Podle informací z vývojářského maillistu z tohoto týdne Google opravdu chce zásadně omezit možnosti blokování reklamy v Chrome, přes několikaměsíční protesty uživatelů prohlížeče i vývojářů rozšíření.
Cituji zástupce Google:
Chrome is deprecating the blocking capabilities of the webRequest API in Manifest V3, not the entire webRequest API (though blocking will still be available to enterprise deployments).
The extensions team has listened to developer concerns and made improvements to the declarativeNetRequest (DNR) API.
Chrome now has support for dynamic modification of DNR rules via the getDynamicRules(), addDynamicRules(), and removeDynamicRules() methods. DNR has two groups of rules: static rules declared in JSON files and dynamic rules set at runtime. Each of these groups has their own distinct maximum number of allowed rules.
You've ignored all the feedback in this topic on webRequest becoming observational, which breaks lots of use cases irreversibly, with no workaround, for no added benefit - so far there was no real and convincing explanation why and how exactly this change will improve security and performance. As for performance, it was shown the official claim doesn't make a lot of sense as the extensions aren't adding more than a few milliseconds (or even microseconds) which is negligible.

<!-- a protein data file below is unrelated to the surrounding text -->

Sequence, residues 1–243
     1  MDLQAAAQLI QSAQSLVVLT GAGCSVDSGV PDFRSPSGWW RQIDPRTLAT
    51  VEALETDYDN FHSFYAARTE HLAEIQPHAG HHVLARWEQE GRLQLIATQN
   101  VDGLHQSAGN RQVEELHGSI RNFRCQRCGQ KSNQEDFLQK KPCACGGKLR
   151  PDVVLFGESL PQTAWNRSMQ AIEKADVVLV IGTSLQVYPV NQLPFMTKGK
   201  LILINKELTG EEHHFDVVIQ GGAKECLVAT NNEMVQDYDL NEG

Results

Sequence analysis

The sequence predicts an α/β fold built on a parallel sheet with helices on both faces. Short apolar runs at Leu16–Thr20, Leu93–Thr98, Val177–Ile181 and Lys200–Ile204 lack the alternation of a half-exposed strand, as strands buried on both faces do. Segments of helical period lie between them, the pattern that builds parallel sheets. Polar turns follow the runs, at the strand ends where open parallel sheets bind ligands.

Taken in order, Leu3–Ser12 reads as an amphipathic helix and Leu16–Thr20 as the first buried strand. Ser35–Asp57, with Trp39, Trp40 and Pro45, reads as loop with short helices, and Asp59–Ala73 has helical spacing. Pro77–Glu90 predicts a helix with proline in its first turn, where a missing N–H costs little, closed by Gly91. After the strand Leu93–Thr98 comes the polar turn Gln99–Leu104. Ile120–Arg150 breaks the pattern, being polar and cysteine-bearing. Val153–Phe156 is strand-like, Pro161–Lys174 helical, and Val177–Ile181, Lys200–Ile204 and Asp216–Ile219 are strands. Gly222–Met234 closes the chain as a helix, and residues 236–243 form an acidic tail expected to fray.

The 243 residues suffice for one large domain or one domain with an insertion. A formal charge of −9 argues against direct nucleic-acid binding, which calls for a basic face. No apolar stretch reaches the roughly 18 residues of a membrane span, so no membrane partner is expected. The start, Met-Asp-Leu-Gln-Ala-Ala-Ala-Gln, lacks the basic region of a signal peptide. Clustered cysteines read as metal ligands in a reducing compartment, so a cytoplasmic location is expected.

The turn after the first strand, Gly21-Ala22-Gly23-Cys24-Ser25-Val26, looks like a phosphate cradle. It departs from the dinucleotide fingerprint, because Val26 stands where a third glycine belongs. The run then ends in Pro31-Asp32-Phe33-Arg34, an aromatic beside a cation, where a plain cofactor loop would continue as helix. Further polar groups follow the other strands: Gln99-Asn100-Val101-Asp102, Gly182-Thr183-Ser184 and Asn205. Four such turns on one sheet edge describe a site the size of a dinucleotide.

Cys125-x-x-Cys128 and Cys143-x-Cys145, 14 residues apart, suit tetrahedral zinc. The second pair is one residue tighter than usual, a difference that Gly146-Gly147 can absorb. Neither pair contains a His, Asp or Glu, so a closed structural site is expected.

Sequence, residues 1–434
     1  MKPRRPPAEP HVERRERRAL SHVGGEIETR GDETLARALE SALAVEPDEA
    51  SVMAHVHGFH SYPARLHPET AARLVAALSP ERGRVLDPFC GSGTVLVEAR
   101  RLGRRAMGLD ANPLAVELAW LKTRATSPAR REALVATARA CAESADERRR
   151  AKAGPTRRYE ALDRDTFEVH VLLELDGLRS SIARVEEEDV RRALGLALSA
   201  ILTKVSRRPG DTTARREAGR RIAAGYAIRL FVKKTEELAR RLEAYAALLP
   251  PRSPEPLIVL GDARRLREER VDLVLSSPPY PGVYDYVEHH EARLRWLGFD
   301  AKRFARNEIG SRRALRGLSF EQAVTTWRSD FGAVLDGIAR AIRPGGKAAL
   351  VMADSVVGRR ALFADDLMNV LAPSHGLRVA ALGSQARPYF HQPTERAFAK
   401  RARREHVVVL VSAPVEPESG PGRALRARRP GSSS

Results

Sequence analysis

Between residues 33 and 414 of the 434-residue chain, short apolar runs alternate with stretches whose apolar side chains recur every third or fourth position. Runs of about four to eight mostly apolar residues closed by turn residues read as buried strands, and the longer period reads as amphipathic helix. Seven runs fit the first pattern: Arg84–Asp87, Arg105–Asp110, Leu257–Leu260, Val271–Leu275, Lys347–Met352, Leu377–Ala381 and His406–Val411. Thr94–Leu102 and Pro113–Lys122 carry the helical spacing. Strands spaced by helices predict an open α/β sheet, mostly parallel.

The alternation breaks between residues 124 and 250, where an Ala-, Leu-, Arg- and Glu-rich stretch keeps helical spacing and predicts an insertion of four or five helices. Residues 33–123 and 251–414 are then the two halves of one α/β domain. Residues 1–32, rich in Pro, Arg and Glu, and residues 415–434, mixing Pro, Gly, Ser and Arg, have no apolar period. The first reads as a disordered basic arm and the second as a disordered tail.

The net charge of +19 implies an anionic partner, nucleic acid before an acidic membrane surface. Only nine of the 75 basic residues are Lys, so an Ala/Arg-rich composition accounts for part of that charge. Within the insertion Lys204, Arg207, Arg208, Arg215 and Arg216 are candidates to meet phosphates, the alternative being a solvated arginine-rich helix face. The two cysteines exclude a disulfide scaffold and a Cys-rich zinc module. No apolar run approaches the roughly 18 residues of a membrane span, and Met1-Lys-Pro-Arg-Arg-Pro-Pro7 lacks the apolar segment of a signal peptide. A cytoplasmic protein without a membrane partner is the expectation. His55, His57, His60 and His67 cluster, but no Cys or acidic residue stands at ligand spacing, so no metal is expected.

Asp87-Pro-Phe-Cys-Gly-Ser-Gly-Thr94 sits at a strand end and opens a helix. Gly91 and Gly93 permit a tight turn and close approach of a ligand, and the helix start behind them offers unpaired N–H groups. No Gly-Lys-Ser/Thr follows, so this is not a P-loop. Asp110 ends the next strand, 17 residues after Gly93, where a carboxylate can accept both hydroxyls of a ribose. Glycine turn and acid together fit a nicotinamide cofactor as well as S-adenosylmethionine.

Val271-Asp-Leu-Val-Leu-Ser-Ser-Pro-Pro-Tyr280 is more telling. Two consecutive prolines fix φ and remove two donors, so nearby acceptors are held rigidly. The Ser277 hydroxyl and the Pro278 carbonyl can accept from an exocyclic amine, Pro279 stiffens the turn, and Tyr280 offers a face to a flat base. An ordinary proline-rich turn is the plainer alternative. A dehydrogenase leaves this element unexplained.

The problem with the current implementation of dynamic rules is that the limits are way too low (30k for static and 5k for dynamic). Otherwise, we would have already started experimenting with the new API.
I'd like to urge you that keeping the limits that low is not the best way to make content blockers optimize blocking lists size. On the contrary, it will lead to ugly and complicated workarounds. For instance, we might have to start using the non-blocking API to observe requests and match them against the full-size lists, and then dynamically add matching rules to DNR. This will only hurt the overall performance comparing to what we have now.
I'll say what I'm sure others have said too. It's the elephant in the room. Google is still disproportionately reliant on ads for revenue; no other venture they've tried has taken off quite as well as that. Ergo, allowing free users of their own product to block their revenue source is simply bad for business. Enterprise users are being spared this fate because they are paying customers and so provide a guaranteed revenue stream for Google anyway.